There's an interesting shift happening among gay men in America (and likely in other nations).
It seems almost daily we read a story about teenagers and kids coming out with more boldness and at a younger and younger age.
It's amazing to me. Just thinking about coming out while I was in high school sends a bit of a chill down my spine. Our culture was so different in the early 2000s than it is today. Politics were so different. I was so different.
Marriage equality continues to spread across the country. Athletes are coming out in a way none of us could have imagined even five years ago. There's an openness and visibility of gay people today that has never been seen before.
I'm not sure where the threshold is, but we're coming to a time when gay men in the United States, by and large, will be "out" longer than they've been in the closet.
This threshold will create an opportunity for so many things to change and shift.
Concealing your identity for the majority of your life has an impact on who you are as a person. So many gay men have experienced that. I was in my early twenties when I came out. So, I've still been "in the closet" longer than I've been out.
Even though I'm 28, I think about what kind of world I'm creating and leaving for gay men that are younger than myself.
Not just a better environment in the political sense -- more rights, privileges, protections. That's so important and I'm incredibly grateful for the gay men before me who fought for the rights we have today. But I'm talking much more broadly.
Will the gay community they experience be the same crap recycled, or will it be brighter, lighter and more care-free?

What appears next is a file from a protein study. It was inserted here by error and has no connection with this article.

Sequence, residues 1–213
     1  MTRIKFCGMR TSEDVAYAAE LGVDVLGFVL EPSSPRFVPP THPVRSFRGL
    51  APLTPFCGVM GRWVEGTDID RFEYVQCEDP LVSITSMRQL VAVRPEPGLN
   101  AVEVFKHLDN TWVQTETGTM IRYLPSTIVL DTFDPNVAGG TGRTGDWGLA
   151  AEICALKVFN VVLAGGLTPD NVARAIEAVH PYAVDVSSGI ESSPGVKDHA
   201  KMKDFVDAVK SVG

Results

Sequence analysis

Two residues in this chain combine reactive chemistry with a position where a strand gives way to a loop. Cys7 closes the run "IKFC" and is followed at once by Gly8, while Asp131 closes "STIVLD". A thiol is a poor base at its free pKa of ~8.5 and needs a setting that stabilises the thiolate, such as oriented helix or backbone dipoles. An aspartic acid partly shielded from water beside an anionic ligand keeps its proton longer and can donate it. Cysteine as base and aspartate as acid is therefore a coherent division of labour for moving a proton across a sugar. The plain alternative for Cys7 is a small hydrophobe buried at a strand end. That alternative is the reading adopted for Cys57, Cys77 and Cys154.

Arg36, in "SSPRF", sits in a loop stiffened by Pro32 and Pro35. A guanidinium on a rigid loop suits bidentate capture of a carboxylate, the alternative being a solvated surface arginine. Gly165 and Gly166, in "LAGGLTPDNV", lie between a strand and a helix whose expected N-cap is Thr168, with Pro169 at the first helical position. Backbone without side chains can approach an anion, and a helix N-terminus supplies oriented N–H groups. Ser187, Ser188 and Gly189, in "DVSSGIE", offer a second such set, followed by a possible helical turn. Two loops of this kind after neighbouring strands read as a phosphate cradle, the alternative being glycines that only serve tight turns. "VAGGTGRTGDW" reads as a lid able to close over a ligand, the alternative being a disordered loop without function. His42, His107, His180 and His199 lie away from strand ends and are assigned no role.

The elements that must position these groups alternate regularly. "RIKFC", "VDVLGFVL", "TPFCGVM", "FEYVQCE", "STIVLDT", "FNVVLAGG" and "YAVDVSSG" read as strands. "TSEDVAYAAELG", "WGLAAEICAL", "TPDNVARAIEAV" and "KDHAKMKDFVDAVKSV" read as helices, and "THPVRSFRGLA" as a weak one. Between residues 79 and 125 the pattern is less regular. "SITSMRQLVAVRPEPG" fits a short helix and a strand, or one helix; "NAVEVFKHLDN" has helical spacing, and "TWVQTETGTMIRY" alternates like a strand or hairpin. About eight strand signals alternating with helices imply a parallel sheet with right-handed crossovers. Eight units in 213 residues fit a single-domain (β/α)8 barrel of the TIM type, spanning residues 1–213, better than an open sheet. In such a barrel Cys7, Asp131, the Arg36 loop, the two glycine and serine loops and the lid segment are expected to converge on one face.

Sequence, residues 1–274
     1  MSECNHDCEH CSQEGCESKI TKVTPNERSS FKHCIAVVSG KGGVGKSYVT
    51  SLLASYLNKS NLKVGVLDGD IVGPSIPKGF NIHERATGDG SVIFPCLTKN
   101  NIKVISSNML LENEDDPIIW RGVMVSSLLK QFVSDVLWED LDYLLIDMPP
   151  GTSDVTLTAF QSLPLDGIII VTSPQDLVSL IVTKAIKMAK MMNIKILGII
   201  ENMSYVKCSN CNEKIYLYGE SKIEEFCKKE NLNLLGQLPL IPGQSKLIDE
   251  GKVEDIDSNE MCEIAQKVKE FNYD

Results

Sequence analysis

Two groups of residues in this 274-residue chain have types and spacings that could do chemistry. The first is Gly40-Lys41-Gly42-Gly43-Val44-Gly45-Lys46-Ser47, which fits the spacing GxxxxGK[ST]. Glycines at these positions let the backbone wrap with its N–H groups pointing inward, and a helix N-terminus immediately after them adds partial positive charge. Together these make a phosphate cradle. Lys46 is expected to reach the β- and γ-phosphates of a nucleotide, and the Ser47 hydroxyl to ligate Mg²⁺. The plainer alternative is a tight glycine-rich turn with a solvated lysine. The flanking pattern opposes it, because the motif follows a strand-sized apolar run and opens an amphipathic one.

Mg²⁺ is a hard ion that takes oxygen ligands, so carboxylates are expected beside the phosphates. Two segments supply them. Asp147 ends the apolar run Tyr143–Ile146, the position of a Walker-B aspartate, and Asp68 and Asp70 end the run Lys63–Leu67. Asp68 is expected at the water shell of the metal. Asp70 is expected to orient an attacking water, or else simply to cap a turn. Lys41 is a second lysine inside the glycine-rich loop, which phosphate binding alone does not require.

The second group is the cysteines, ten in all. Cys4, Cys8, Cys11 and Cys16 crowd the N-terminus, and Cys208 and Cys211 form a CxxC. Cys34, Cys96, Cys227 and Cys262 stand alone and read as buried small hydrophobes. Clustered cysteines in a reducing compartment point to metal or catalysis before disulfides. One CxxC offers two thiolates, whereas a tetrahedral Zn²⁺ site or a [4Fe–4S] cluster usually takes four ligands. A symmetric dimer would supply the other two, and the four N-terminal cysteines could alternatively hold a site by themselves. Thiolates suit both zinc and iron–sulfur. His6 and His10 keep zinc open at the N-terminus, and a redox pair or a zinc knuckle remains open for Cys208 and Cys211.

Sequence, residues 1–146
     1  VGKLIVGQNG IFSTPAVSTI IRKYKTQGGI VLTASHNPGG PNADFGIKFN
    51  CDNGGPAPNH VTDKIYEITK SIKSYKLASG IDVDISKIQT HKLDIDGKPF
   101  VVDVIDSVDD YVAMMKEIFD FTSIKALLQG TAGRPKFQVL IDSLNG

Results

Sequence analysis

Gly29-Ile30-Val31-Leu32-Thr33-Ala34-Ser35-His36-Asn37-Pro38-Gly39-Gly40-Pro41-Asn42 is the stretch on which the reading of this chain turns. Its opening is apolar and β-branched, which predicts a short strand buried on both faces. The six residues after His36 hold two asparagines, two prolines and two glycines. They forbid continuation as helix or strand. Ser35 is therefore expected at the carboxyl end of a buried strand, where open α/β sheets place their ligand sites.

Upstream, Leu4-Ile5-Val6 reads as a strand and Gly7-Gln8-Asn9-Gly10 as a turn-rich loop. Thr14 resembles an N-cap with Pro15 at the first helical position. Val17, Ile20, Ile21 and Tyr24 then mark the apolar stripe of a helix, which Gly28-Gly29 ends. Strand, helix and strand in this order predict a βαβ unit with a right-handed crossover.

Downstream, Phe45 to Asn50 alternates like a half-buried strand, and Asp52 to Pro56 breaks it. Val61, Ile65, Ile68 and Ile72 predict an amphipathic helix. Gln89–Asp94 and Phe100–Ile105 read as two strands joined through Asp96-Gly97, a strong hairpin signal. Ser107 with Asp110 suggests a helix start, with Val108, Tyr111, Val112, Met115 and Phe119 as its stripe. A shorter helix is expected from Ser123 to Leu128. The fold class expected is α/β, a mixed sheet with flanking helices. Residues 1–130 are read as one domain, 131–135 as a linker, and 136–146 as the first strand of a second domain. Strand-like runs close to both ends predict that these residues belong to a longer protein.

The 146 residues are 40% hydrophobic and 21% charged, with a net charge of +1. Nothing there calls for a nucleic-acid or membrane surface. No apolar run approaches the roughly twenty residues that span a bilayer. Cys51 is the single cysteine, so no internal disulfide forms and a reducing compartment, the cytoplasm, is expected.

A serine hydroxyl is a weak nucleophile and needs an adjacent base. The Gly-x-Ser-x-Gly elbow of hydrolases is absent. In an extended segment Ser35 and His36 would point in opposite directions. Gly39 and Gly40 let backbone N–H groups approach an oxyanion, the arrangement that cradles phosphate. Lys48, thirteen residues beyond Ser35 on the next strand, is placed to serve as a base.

Am I contributing to a community that is more welcoming, hospitable and caring? Am I letting them know that it's okay to be vulnerable, honest, not having everything figured out?
Am I able to show them that in-person community and intimacy has much greater rewards than hiding behind a digital wall? Am I serving as a role model of what healthy communication looks like in friendships and romantic relationships?
Am I showing up to my fellow gay men with a positive, encouraging outlook on life? Or am I choosing to be jaded and bitter, refusing to let go of the negative experiences of my past? Am I a beacon for hope and inclusion or a perpetrator of exclusivity?
Am I able to show younger gay men that I'm proud and happy in my own skin? That beauty is much deeper than what's on the surface. That the development and growth of my soul matters just as much, if not more, than cultivating habits that keep my body healthy.
Do younger guys see us cultivating a community of togetherness or constantly bitching about all that's "wrong" with other gay men?
Whether we realize it or not, every gay man has an opportunity to be a positive role model for the next generation.
We can tell our own stories. The lessons we learned the hard way. The joys they have to look forward to and possible challenges that may come their way.
I didn't have many gay male role models to look up to when I first came out in college. And I know I'm not alone in that. Aside from my friends, I had to figure out and navigate gay culture on my own. A lot of trial and a whole lot of error. And with it, pain.
We can't keep the next generation of gay men from experiencing pain. Because an open, loving heart means you're open to getting hurt. But it's so worth it. To feel. To experience. To know love and loss.
But what we can do is choose love instead of divisiveness. Hope instead of being jaded. I couldn't be more thrilled and excited for what awaits future generations of gay men. Opportunities are opening up like never before. I want future generations of gay men to see other guys as brothers to embrace, not adversaries to shy away from.
I want them, in every way, to have it better than we did. And each of us has a responsibility to make that happen.
Follow Josh Hersh on Twitter: www.twitter.com/joshhersh